Gaining Followers Can Slowly Kill Your Page. Here’s Why.

Jochem Kooloos
Sep 15, 2020 · 3 min read

Isn’t it strange that most of us still worry about our follower count; the ever-changing tally of social acceptance. Our minds only revolve around growth and that is proof of mankind’s greedy nature. Why do we still relate success to the number on our screen? However, numbers matter, just not those.

After waking up one day and enthusiastically starting my own Instagram page , I quickly gained my first followers and likes. From there, it wasn’t too challenging. After a few months of hard work and dedication, I reached my first 1000 followers. Proud but not completely satisfied I continued building, brick by brick, in order to be able to achieve what I had dreamed of for so long.

Me being me: over-ambitious and greedy, saw gaining followers as one of the crucial steps to building my online presence. Nevertheless, I wish I would’ve known that it does not matter or that it could work against me!

Photo by Georgia de Lotz on Unsplash

Platforms such as Instagram rely on a built-in algorithm that decides what we see, so just because you follow Sophie or Patrick doesn’t mean you will see all their posts. Said algorithm combines aspects such as the like count and the time since uploading to fabricate a group of people as the day goes on.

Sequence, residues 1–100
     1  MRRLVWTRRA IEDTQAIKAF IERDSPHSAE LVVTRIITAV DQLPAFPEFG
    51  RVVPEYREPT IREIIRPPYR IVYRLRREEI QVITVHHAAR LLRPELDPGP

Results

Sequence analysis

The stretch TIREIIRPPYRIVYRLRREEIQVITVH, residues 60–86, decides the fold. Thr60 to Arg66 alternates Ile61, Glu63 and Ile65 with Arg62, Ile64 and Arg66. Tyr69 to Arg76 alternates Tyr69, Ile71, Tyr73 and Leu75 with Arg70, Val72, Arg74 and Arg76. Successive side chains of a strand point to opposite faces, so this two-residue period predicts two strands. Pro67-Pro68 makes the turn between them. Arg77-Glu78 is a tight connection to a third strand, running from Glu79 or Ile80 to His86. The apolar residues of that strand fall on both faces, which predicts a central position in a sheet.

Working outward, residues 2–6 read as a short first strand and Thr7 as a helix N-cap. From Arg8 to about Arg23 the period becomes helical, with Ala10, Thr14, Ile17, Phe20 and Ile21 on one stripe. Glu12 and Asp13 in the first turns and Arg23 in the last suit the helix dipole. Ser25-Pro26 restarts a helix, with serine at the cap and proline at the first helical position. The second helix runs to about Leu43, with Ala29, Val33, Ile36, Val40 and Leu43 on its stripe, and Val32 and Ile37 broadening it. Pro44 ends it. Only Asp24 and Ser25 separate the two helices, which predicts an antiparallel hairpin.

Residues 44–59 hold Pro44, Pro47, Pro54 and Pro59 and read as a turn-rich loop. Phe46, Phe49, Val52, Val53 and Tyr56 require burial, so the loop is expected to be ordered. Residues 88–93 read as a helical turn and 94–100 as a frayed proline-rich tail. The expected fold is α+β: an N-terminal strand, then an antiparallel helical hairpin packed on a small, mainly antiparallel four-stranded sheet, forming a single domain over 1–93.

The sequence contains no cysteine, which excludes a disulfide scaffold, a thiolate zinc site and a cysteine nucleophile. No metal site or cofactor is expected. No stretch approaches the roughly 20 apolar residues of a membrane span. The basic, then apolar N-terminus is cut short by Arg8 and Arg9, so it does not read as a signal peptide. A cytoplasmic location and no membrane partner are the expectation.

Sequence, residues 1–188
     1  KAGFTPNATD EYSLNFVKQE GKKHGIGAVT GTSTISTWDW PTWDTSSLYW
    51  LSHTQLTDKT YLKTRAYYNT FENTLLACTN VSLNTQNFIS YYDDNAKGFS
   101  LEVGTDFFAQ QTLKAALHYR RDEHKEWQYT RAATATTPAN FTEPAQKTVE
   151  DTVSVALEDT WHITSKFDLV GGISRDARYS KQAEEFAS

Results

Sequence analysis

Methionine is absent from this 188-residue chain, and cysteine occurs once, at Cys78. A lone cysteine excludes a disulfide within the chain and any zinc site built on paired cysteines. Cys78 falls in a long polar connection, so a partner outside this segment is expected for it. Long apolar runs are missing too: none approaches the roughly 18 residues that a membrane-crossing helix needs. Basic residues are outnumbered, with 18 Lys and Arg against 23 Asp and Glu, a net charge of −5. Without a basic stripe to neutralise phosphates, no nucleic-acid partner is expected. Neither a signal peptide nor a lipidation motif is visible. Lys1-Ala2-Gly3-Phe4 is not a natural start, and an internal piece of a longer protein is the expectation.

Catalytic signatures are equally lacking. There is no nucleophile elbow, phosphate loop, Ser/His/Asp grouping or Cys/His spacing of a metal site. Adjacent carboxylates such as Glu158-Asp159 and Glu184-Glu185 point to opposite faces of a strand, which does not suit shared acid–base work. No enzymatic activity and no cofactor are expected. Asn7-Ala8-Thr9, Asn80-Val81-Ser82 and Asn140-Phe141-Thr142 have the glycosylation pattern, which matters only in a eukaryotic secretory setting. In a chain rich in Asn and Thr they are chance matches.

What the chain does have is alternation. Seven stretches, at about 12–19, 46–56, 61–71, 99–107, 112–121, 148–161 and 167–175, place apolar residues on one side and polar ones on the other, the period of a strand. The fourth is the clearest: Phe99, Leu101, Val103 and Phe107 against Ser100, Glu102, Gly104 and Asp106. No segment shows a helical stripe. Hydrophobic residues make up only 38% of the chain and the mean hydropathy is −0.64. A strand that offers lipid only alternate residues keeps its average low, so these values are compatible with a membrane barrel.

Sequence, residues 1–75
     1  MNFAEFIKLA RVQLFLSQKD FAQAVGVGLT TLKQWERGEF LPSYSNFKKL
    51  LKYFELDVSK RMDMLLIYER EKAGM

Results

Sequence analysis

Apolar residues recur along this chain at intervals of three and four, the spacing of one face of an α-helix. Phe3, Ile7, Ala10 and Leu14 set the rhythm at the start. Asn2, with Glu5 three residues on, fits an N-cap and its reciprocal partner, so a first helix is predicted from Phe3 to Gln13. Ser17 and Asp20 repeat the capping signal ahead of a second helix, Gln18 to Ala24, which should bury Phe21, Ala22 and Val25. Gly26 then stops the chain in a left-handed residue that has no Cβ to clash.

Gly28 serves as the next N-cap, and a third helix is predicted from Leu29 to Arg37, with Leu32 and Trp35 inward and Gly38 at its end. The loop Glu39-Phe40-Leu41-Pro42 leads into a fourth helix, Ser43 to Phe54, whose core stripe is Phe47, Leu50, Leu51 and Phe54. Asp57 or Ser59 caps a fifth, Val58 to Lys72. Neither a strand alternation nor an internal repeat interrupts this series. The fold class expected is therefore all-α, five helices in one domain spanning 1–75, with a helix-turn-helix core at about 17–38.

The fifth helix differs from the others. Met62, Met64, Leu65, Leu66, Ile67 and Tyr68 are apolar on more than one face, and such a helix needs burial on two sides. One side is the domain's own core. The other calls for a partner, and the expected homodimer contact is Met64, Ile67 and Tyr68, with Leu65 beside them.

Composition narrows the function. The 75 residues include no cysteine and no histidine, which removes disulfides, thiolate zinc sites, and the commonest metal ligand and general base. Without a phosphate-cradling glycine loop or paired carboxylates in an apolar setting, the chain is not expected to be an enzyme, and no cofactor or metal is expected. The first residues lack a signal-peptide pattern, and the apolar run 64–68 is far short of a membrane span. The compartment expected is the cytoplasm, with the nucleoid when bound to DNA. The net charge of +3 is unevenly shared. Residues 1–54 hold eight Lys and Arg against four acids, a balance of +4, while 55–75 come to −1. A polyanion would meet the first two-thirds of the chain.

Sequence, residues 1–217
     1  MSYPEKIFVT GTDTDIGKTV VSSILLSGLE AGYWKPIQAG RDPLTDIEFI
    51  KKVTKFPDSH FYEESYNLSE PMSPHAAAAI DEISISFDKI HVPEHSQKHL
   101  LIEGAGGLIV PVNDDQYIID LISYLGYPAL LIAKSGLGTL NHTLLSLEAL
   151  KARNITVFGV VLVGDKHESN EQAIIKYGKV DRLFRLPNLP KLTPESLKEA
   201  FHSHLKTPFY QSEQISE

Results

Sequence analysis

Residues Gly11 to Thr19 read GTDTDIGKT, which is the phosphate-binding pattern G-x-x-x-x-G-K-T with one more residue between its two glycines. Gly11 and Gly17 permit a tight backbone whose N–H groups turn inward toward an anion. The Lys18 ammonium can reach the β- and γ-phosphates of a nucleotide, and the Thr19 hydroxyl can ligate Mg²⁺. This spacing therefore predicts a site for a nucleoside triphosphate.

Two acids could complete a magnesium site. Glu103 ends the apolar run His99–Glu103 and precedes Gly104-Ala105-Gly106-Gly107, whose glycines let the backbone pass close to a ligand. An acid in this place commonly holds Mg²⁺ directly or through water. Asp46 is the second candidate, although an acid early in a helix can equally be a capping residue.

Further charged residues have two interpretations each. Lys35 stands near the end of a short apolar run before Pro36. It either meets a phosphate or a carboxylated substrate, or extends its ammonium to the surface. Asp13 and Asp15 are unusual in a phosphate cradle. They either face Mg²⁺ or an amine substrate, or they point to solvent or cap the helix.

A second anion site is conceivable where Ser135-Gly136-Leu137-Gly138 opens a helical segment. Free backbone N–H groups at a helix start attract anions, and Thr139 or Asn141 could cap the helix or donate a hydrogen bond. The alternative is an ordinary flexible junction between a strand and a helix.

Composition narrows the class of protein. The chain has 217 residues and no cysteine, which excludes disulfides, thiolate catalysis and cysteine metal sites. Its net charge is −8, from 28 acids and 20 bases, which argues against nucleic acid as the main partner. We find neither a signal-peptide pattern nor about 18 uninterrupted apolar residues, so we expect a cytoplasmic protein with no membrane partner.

When I had 1500 followers, getting about 500 likes was common. This means I had a 33.3% engagement rate (excluding comments) which is pretty good although I was never able to reach the low 30s again. After surpassing the 2500 follower milestone my page slowly started to plateau. Less likes, less comments, less everything except for one variable. The follower count still rose quite steadily. The page I had created was now more known and recognised across Instagram meaning others encountered suggestions to follow me. Guess who suggested my page to them? The algorithm!

It ranks posts from engaging to … well … not so engaging. If after uploading your post it performs well by receiving comments and likes, the algorithm will classify your post as engaging and show it to most of your followers. If whatever you published does not do so well initially, it will be shown to a smaller percentage of your followers.

Photo by Prateek Katyal on Unsplash

There are low and high quality followers. As you build your following and inevitably end up with some fake or inactive followers, your engagement rate will casually sink. This is exactly what happened to me. Lower engagement means less people will see your post, so you will see a decrease in likes.

So, now you know! Maybe it’s time to start removing some of those followers, if you have any, that is ;) .

Photo by camilo jimenez on Unsplash

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Jochem Kooloos

Written by

Founder of Marbelja.nl, Dutch, Living in Spain.

The Startup

Get smarter at building your thing. Follow to join The Startup’s +8 million monthly readers & +787K followers.

Jochem Kooloos

Written by

Founder of Marbelja.nl, Dutch, Living in Spain.

The Startup

Get smarter at building your thing. Follow to join The Startup’s +8 million monthly readers & +787K followers.

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